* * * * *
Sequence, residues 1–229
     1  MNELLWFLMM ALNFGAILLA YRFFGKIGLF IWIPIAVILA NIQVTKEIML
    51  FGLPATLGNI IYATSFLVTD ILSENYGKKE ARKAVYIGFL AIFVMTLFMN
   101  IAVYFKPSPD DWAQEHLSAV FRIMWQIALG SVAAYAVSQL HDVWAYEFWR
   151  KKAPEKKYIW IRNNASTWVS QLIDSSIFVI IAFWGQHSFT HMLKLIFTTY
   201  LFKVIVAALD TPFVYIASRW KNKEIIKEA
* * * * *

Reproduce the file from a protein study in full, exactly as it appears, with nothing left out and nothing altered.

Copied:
Sequence, residues 1–229
     1  MNELLWFLMM ALNFGAILLA YRFFGKIGLF IWIPIAVILA NIQVTKEIML
    51  FGLPATLGNI IYATSFLVTD ILSENYGKKE ARKAVYIGFL AIFVMTLFMN
   101  IAVYFKPSPD DWAQEHLSAV FRIMWQIALG SVAAYAVSQL HDVWAYEFWR
   151  KKAPEKKYIW IRNNASTWVS QLIDSSIFVI IAFWGQHSFT HMLKLIFTTY
   201  LFKVIVAALD TPFVYIASRW KNKEIIKEA